If you’ve any interest in football at all, then you’ll already know the name Mauricio Pochettino.
You’ll be able to picture him too - a youthful-looking 52-year-old, quick to smile and laugh, full, ungreying mop of brown hair despite the stress inherent in having coached very nearly 600 matches.
You’ll know, too, that he played, managed, and won, in Argentina, Spain, France and England - always loving possession of the ball.
Always attacking, playing to win - not to draw.
But I’d venture there are many things about this likeable, adventurous man you have no idea about.
That, as a youngster, he’d be up at 6am to hitch-hike to college so as to save the bus fare - having begun to earn local fame as a footballer, despite he and his mates sometimes needing to make-do with a “ball” improvised out of rolled-up rags.
On this theme, did you know that he earned his place at Newell’s Old Boys, the club Lionel Messi supports, aged 13 after Marcelo Bielsa watched just five short minutes of him in a practice match? That was enough!
Or that his coaching career began when he was asked to cut his teeth working with the Espanyol women’s team, training sessions starting at 10pm once all the amateur and semi-pro players had finished their daily work?
That his wife, Karina, always told him: “You’ll be a much better coach than you ever were as a player.”
Quite a prediction given that, as a ball-playing centre-half, he won trophies in Argentina, Spain and France.
He’s a thinker, too.
Consumed by his love of football, ambitious, driven by developing coaching and playing ideas, yes. But determined to use his mind and challenge himself culturally and personally.
Because Pochettino believes that deliberately leaving one’s comfort zone, testing your resilience and ability to learn is the key to a fulfilling life.
‘A better person’
The last of several long interviews I’ve had with him came as he was reflecting on having been ill with COVID-19, an experience which had been unpleasant, but which had left a positive impact.
“Even though I didn’t have a good time, I think COVID helped me become a better person,” he explained. “To think more about others around me, and how to be more responsible while enjoying what we do.
“Because we also need to leave a better world to our children and grandchildren.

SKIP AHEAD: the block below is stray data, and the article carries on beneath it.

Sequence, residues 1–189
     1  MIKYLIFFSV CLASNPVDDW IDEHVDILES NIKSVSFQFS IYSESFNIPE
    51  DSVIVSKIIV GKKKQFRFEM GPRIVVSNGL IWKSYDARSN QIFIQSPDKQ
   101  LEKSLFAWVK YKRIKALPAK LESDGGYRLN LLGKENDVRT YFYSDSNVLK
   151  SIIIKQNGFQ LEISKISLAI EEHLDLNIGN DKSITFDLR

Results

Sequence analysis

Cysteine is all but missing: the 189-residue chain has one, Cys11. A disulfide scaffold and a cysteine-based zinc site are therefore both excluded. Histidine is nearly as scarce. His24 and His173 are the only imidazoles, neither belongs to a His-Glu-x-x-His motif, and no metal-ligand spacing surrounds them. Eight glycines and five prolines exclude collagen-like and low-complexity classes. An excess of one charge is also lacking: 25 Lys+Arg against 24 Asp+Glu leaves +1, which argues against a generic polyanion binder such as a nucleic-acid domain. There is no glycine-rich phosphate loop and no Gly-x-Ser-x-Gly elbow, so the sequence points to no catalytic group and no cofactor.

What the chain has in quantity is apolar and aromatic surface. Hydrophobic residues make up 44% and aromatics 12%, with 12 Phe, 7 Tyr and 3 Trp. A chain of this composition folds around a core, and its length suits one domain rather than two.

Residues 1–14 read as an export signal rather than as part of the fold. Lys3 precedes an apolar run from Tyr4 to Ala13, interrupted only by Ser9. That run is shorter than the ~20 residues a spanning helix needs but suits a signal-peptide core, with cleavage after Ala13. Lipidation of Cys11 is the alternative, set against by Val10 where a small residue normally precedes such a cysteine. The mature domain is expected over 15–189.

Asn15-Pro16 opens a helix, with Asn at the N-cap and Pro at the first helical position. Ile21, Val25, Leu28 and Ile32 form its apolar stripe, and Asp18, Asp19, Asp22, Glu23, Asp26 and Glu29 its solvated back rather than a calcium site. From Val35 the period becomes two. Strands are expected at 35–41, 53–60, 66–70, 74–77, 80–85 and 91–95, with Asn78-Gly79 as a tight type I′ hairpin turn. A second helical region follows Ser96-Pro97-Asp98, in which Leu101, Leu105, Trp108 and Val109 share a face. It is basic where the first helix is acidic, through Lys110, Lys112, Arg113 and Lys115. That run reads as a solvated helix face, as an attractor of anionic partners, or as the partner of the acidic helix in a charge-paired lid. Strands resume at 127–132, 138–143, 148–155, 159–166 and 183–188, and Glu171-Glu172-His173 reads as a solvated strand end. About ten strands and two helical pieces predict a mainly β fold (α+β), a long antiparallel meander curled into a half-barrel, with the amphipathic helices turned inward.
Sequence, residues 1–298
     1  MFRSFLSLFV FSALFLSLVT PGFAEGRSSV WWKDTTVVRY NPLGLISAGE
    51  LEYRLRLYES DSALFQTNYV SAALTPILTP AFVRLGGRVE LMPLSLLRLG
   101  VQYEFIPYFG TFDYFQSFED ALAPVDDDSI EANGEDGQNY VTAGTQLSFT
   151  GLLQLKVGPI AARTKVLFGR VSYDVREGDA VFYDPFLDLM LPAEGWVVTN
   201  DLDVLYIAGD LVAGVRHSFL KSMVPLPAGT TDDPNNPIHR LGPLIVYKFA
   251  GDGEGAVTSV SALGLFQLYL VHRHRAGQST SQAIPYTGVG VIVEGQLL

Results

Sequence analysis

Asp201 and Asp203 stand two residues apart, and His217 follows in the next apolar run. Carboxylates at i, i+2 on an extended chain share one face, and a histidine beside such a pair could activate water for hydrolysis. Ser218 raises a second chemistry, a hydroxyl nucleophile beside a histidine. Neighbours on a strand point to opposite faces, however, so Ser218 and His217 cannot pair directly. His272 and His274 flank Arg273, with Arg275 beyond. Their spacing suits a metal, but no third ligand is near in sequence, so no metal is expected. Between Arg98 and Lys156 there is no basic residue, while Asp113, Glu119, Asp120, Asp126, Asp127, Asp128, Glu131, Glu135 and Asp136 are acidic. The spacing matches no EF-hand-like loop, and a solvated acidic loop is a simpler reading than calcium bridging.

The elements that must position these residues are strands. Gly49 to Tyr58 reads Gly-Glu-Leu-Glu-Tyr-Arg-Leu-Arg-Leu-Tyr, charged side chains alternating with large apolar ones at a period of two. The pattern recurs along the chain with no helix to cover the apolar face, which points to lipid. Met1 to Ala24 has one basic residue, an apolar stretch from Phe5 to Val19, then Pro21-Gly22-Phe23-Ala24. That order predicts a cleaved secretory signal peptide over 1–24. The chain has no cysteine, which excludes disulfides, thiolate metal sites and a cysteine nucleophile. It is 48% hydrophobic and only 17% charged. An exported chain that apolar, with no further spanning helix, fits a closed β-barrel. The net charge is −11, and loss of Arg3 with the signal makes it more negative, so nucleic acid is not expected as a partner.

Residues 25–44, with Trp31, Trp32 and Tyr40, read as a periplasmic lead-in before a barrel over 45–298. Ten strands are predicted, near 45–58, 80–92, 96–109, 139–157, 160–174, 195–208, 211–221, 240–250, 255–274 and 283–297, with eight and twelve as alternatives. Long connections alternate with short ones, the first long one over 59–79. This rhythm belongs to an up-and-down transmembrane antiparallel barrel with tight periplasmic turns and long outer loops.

“I don’t believe in a cheap philosophy that says, ‘Live today, Forget about tomorrow.’
“I think it should be, ‘Live today thinking there’ll be tomorrow and thinking our children will be there for it.’”
Love of the ball
When he moves into his new office he’ll have a ball on the shelf behind his desk - Pochettino loves the actual ball, not simply the profession.
It’ll be there to remind him of all the wonderful things football has brought him in life.
To remind him that no matter what new techniques and opportunities technology may bring a coach - it’s still, all, about loving the ball, getting hold of it as often as possible. And knowing precisely what to do with it.
Wherever he’s gone, player or coach, he’s won friends and admirers. Trophies followed when he managed Paris Saint-Germain.
But there’s something fundamental in this man’s philosophy with which everyone, neutrals or those who support the team he manages, can identify.
“The responsibilities and the obligations which come with management are fine, but we can never, ever, forget to enjoy ourselves, to enjoy football," he said. "Anyone who doesn’t have enjoyment in their working life will diminish what they can achieve.”
Pochettino's countryman, the great Alfredo Di Stefano, used to argue that “a match without a goal is a like a day without sunshine”.
Pochettino is one of those coaches who tries to bring goals, to dispel clouds.
To bring a little sunshine into all our lives.
Graham Hunter (@BumperGraham) is a Spanish football writer, producer and broadcaster.